In the past, any suggestion of a conflict in the Middle East prompted oil prices to rise. But that was in the past. Now, the war between Israel and Hamas is spreading, tankers and container ships are leaving the Red Sea, and yet oil prices are where they were a month ago. Despite an actual supply disruption in the United States.
This week saw crude oil production in North Dakota fall by between 650,000 bpd and 700,000 bpd, which is quite a substantial amount of daily output. This decline, however, has had no effect on international oil prices at all, it seems. Because everyone expects this production to be back on track as soon as the latest cold snap lets up.
Not only this, but everyone seems to expect demand for oil this year to grow by about the same amount as production in the U.S., Brazil, and Guyana, Reuters' John Kemp wrote in a recent column. And this is why oil prices are not moving up even in the face of potential major supply disruption and an actual disruption.
At the same time, economic data from the biggest demand driver in the world, China, appears to have disappointed again—even though it showed a growth rate for the fourth quarter of 5.2%.
This figure, as economic growth rates go, should be quite impressive under any other circumstances, especially compared with some advanced economies that actually shrunk last year. But when it comes to China, expectations appear to always be for more than what reality can offer. As a result, the resulting disappointment drives oil prices lower or keeps them steady. Even though China just reported a record refinery throughput rate for 2023.
Oil prices are not moving up even as container ships and tankers swap the Red Sea and the Suez Canal with the substantially longer route around Africa and the Cape of Good Hope. That swap should have pushed oil prices higher because it will inevitably lead to higher fuel demand. Yet nobody is apparently thinking about it, remaining fixed on China's demand and U.S. supply.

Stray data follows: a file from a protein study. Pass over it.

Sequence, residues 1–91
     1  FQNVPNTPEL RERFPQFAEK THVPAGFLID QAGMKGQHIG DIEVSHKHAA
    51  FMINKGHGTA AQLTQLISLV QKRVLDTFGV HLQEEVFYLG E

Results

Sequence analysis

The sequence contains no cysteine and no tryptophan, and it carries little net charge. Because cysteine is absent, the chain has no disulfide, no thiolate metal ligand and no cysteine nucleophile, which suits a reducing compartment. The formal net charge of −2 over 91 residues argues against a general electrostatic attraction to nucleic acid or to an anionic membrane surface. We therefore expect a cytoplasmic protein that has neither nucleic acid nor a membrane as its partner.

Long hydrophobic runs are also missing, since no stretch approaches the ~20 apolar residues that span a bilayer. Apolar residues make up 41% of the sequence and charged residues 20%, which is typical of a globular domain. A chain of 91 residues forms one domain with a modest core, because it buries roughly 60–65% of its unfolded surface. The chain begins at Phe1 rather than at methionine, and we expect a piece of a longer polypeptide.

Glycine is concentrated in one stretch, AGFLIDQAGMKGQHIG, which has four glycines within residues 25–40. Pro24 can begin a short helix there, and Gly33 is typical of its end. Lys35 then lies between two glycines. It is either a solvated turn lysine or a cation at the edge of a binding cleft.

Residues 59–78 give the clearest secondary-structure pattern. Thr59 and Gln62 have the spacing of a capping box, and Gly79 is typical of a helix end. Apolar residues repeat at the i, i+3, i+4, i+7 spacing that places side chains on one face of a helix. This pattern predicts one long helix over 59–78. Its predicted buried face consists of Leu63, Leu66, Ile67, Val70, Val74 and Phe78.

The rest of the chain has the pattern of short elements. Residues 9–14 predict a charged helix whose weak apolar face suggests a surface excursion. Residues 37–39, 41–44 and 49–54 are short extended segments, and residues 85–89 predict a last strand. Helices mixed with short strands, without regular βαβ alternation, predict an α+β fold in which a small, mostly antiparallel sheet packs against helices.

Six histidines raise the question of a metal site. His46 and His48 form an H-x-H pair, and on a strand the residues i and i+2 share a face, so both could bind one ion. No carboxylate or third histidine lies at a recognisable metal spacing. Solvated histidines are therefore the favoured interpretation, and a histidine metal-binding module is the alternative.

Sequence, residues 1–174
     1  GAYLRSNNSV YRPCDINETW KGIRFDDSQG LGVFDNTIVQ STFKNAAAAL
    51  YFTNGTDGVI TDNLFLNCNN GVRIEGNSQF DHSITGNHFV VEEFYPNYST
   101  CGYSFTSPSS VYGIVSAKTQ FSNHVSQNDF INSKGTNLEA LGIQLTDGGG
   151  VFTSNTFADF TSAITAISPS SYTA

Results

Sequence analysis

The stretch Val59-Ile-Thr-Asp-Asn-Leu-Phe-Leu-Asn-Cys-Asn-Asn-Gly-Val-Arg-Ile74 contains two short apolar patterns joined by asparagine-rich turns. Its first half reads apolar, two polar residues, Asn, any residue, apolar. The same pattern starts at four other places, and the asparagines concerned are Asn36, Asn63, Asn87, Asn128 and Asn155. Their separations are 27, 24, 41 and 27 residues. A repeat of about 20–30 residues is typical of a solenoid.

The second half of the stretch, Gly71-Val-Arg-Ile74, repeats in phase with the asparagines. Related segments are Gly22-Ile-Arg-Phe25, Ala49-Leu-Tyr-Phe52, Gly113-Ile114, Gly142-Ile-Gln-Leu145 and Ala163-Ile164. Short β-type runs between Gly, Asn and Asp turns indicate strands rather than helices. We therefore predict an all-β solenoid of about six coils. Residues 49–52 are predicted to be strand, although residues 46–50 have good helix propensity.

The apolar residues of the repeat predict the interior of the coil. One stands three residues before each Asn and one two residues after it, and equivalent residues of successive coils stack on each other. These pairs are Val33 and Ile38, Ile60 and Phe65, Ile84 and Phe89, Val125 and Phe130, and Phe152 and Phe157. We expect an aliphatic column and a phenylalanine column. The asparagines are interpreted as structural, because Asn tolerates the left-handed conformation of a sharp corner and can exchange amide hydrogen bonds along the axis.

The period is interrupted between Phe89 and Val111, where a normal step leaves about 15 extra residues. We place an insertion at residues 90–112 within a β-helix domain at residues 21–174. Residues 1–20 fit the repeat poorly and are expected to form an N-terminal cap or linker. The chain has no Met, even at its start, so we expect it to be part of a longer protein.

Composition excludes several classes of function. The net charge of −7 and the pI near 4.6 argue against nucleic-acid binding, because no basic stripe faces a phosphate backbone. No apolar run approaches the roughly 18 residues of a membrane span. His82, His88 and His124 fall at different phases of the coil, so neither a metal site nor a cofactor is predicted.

Meanwhile, Chevron's chief executives said "risks are very real" in the Red Sea, expressing surprise that West Texas Intermediate was not trading at a higher price. He is probably not the only one surprised.
"So much of the world's oil flows through that region that were it to be cut off, I think you could see things change very rapidly," Mike Wirth told CNBC this week.
Yet it seems that most players in the oil market have considered this risk relatively unlikely or, as Reuters' Kemp explains, they refuse to start catastrophizing about prices. And this is because the likelihood of a major supply disruption in the Middle East actually happening is low, and there is backup supply from OPEC itself.
The argument for the spare capacity of OPEC is a popular one among analysts. Indeed, OPEC and its partners from OPEC+ have a combined spare capacity of over 4 million barrels daily. This does not matter in the least, however, unless these producer states decide to use it. Right now, they are doing the exact opposite, however. They are effectively increasing their spare capacity by reducing actual production. And they will not change course until prices rise, which they would only do if a supply disruption occurs.
Demand, meanwhile, appears to be anyone's guess, in accordance with their agenda. OPEC sees 2024 oil demand growing strongly, at 1.85 million barrels daily. The International Energy Agency expects this growth to slow down as the energy transition gathers pace and EV sales surge, per its own forecasts.
Historically, OPEC has been closer to actual demand trends in the past few years than the IEA. Yet the market is brushing this off, too. The market is already waiting for China's next GDP report to get disappointed.
By Irina Slav for Oilprice.com
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